Ten Fun Facts About Islands

    


The Twin Peaks of El Nido, Philippines. Photo by Alejandro Luengo on Unsplash


Each week I set out to research and document ten "fun facts" on a topic loosely based on the two books I've reviewed that week.  "Loosely" being the operative word. 

This week I reviewed Sea People, Christina Thompson's fantastic book on the history of the "puzzle of Polynesia", and Miles Harvey's The King of Confidencea microshistory of the 19th century self-proclaimed "King James", who reigned on Beaver Island in Lake Michigan.

The Polynesian people settled and have occupied the islands of the central Pacific Ocean for over a thousand years, and understanding how they did it is part of what motivates Thompson's book. James Strang, Harvey's "King of Confidence" led a band of Mormons to settle on Beaver Island, but he and the whole colony were gone within a decade. Regardless of their length of stay, the lure of island life helped motivate both groups of people.

Say the word "island", and many people instantly conjure up images of tropical paradise, perhaps on a Polynesian isle. Yet, as Harvey' book reminds up, islands occur all over the world, from the balmy shores of Fuji or Tahiti to the wintry shores of Canada or Norway. Wherever they occur, on oceans, lakes and rivers all over the world, islands have a special meaning as a land apart - an escape from our dreary continental lives.

Here then, are Ten Fun Facts About Islands:


Last Friday's Ten Fun Facts blog post included a lot of links to videos, but this week I've embedded the videos directly into my post. I hope this makes it a bit easier to navigate...

Ten Fun Facts About Islands

  1. Lonesome in the Pacific - The Galapagos Islands archipelago is located in the eastern Pacific, part of the nation of Ecuador. Well known for the diversity of it's plants and animals, the Galapagos are home to some species that are not found anywhere else. One of those, the Giant Pinta tortoise was thought to be extinct, with the 2012 passing of Lonesome George, the last of his kind. Recent research and DNA analysis may have located some of George's cousins, and, if true, those relatives have pulled the species back from extinction.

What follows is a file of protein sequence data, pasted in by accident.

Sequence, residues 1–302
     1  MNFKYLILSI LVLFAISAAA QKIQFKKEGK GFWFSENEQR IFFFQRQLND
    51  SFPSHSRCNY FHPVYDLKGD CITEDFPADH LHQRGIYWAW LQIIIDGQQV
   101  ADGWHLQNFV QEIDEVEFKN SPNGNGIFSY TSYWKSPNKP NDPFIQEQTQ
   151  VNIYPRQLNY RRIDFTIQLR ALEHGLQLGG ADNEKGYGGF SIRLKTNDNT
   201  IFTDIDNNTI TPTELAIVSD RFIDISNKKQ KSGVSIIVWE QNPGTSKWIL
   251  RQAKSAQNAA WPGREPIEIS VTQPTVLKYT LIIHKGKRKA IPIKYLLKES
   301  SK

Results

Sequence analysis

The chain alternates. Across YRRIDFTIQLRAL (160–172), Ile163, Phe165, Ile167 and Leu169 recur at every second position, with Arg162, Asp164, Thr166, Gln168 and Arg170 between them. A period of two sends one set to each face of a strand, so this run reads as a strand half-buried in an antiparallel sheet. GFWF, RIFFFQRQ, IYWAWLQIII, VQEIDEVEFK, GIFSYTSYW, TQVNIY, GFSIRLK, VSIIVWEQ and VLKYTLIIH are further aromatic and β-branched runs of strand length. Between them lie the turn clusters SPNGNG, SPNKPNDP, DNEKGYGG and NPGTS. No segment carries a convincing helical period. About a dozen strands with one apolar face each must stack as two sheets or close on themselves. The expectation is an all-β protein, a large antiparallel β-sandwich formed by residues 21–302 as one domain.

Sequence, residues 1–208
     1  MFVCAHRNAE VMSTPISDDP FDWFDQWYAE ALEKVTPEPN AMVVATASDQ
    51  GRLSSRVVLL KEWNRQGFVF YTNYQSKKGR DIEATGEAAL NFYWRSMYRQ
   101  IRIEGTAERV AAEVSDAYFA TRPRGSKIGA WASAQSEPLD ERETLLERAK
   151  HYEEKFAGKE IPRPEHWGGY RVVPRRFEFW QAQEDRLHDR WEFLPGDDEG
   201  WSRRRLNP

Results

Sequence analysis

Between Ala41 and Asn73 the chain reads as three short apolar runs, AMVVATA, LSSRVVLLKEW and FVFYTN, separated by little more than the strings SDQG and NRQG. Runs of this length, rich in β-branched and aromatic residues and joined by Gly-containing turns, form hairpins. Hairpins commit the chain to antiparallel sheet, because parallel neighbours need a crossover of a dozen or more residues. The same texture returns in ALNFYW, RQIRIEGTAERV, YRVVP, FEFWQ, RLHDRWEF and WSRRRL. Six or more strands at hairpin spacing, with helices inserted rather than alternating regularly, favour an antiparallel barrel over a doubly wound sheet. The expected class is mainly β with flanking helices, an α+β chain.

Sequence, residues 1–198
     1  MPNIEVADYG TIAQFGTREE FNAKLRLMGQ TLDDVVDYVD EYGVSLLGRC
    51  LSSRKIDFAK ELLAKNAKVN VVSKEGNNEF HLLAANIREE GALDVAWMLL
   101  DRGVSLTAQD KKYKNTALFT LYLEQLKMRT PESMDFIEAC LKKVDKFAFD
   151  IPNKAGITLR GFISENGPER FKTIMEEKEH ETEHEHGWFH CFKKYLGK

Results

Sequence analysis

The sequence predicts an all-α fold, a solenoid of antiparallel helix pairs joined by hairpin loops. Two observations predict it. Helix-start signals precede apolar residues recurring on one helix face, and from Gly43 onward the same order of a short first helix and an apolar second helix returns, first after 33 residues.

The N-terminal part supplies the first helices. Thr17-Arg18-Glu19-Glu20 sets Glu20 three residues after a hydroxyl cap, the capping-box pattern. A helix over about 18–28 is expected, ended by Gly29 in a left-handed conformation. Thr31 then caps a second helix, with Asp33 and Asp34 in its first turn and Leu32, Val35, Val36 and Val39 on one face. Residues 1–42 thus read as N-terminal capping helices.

2. Official, but Rarely Used - The Solomon Islands chain in the western Pacific is the home of more than six hundred thousand people. The Solomons consists of 992 islands, only 347 of which are populated. Though English is the official language, only 1 to 2 percent of the population actually speaks it. The language most commonly spoken is Melanesian pidgin. There are over 120 different languages in the Solomons.
  3. Biggest Island? Smallest Continent? - Back a million years ago when I was in grade school, we were taught that Australia was the largest island nation, and not a continent. Somewhere along the way, that changed. Today, Australia is acknowledged as a continent, while Greenland is considered the largest island nation. What changed? Turns out the definition of a continent is not exactly scientifically prescribed.